May 30, 2000

Editor Hans DePold, Bolton Town Historian


This newsletter is to provide a means for keeping historians, re-enactors, and other interested people aware of the activity to create a national historic trail, the WRRR. Rochambeau’s French army defined the route when they marched from Newport to Yorktown and back to Boston. The goal is to encourage creation of a National Historic Trail with the registration of the entire route that passes through Rhode Island, Massachusetts, Connecticut, New York, New Jersey, Pennsylvania, Delaware, Maryland and Virginia, and to raise to a higher level the quality of heritage preservation all along the route.

Lauzun’s Legion

They were a foreign legion speaking eight languages. They spoke politely in French, bargained in English, gave orders in German, and by tradition, cursed in Hungarian. They were the most colorful, the most daring, and unquestionably the most troublesome unit sent by France to fight for American independence. They were Lauzun’s Cavalry.

While Lauzun was quartered in Connecticut he made several trips along the WRRR. He visited Washington and delivered messages on some occasions. He accompanied French Engineers who mapped the campsites. The Legion left graffiti as their primary art form. The WPA Writers Project of 1933 indicates it was Lauzun’s men who left bayonet holes in Bolton’s White Tavern. The Trumbull Historical Society should be happy to hear that Historian Dr. Selig confirmed their beautiful site as one of those used by Lauzun as his unit split into detachments to foil any possible plans of attacks on the main French army.

I believe the dotted lines on Rochambeau’s map #65 are the paths of Lauzun’s detachments. I gave out many copies of map #65 and often had questions about the dotted lines. Clearly they begin in Middletown after Lauzun’s Legion crosses the Connecticut River in 1781. They show a detachment goes to Hartford, another down to Saybrook and across to New Haven, and another directly to New Haven. Two units meet in New Haven and go along the coast as far as Stamford. Another unit goes from Middletown across to Ridgefield and on to NY. Clearly Lauzun’s Legion traveled the old Boston Post Road along the coast as well as the historic route nine miles south of Rochambeau.

When You Harbor Trust, Honor Will Dock There.

Why would the Puritans get along so well with the French army? The French were predominantly Catholic and the Puritans were the most protesting of Protestants. According to Rochambeau’s memoirs the Puritan New Englanders were the first to protest the intolerable acts.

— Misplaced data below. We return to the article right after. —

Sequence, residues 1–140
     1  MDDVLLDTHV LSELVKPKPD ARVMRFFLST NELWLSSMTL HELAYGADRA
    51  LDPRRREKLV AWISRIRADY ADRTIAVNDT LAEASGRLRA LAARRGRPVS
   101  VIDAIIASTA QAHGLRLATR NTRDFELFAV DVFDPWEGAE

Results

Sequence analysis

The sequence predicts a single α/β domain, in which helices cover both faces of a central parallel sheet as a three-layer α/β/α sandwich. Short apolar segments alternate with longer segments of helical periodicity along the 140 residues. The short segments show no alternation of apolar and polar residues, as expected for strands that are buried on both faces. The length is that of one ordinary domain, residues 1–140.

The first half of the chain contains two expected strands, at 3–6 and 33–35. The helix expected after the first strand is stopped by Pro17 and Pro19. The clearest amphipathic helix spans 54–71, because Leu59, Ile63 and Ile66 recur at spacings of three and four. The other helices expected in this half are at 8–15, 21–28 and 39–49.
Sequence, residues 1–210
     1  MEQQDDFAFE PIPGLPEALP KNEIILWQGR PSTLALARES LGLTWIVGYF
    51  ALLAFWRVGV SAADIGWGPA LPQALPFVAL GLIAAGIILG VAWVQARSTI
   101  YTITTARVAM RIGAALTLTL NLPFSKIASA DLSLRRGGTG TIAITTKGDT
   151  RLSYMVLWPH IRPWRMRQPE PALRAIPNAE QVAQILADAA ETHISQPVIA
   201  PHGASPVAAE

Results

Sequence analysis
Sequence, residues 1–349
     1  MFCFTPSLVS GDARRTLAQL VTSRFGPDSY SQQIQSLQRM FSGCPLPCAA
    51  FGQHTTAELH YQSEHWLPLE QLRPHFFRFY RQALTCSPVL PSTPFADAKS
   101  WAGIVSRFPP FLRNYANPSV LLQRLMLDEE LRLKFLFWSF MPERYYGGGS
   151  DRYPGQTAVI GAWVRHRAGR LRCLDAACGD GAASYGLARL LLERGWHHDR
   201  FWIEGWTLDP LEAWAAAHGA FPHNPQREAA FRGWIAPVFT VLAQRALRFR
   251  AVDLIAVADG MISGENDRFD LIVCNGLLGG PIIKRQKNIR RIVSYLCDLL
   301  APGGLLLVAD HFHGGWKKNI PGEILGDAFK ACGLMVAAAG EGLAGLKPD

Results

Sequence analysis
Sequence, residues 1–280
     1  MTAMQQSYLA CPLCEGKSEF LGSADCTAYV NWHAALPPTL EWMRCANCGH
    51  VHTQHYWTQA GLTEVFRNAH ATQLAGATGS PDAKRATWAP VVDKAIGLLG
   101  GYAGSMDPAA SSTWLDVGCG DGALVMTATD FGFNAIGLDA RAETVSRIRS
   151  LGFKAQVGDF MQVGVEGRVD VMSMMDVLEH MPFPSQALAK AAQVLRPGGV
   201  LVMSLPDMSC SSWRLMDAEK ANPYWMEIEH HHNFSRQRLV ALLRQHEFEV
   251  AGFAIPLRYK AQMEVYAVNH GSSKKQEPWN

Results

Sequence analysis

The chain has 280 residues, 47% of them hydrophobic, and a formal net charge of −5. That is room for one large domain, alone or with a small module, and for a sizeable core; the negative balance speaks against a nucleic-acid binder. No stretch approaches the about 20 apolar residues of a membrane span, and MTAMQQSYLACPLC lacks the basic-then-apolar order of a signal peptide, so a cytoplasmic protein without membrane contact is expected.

“The violent doings of the English and of the Hessians, their allies, carried this revolution rapidly on from the north to the south. The opinion of the inhabitants of the north, consisting principally of land holders of equal fortune, were naturally of a democratical tendency´┐Ż All quickly united, however, to stand up for the liberty, equality, and independence of the mother country, taking care to preserve a certain respect for property in general.”

The Puritans in the countryside lived in small houses with little privacy. A bath usually meant a basin and a cloth, except in the summer time when there were rivers, Lakes, and streams. By the time the French troops arrived the American volunteer soldiers were short of clothing. Some britches were so badly torn that part of the anatomy showed through.

The Puritan society had become less strict but was isolated, and protective so that most were trusting of strangers. This trust brought out the most honorable qualities of the French. The French with their swords and cannons were completely disarmed and at the mercy the young inquisitive American women. They had only begun to march through Puritan territory when Louis-Alexandre Berthier noted from Windam CT, “the women here are very pretty.”.

Clermont-Crevecoeur’s in Bolton notes: “Foreigners are cordially welcomed by these good people. You find a whole family bustling about to make you happy. Such are the general characteristics of the people of Connecticut.”

The French tents were their private bedrooms. Young Puritan women gave the French many stories to write home about. General Verger wrote the following in his diary, “The inhabitants of Connecticut are the best people in the United States, without any doubt. They have a lively curiosity and examined our troops and all our actions with evident astonishment. When they visited our camp, the girls came without their mothers and entered our tents with the greatest confidence.”

Baron Ludwig von Closen said, “The inhabitants of Hartford have heaped us with attentions, and beyond a doubt, Connecticut has been the province which has welcomed the French the most.”

Young comte de Lauberdiere notes, “A charming simplicity of manners reigns throughout this land. The war is a scourge, of which they feel the full weight, but within their families nothing can trouble them, they display a happy air about them. …”

At Breakneck CT, Private Flohr of the Deux Ponts regiment wrote, “entertainments were even greater what with dancing and frolicking with the lovely beautiful American girls who lived there.”

More arrogant or conceited soldiers would have credited themselves for their popularity. The French for the most part credit the goodness of the Americans and that tells us that the French troops were good and decent people.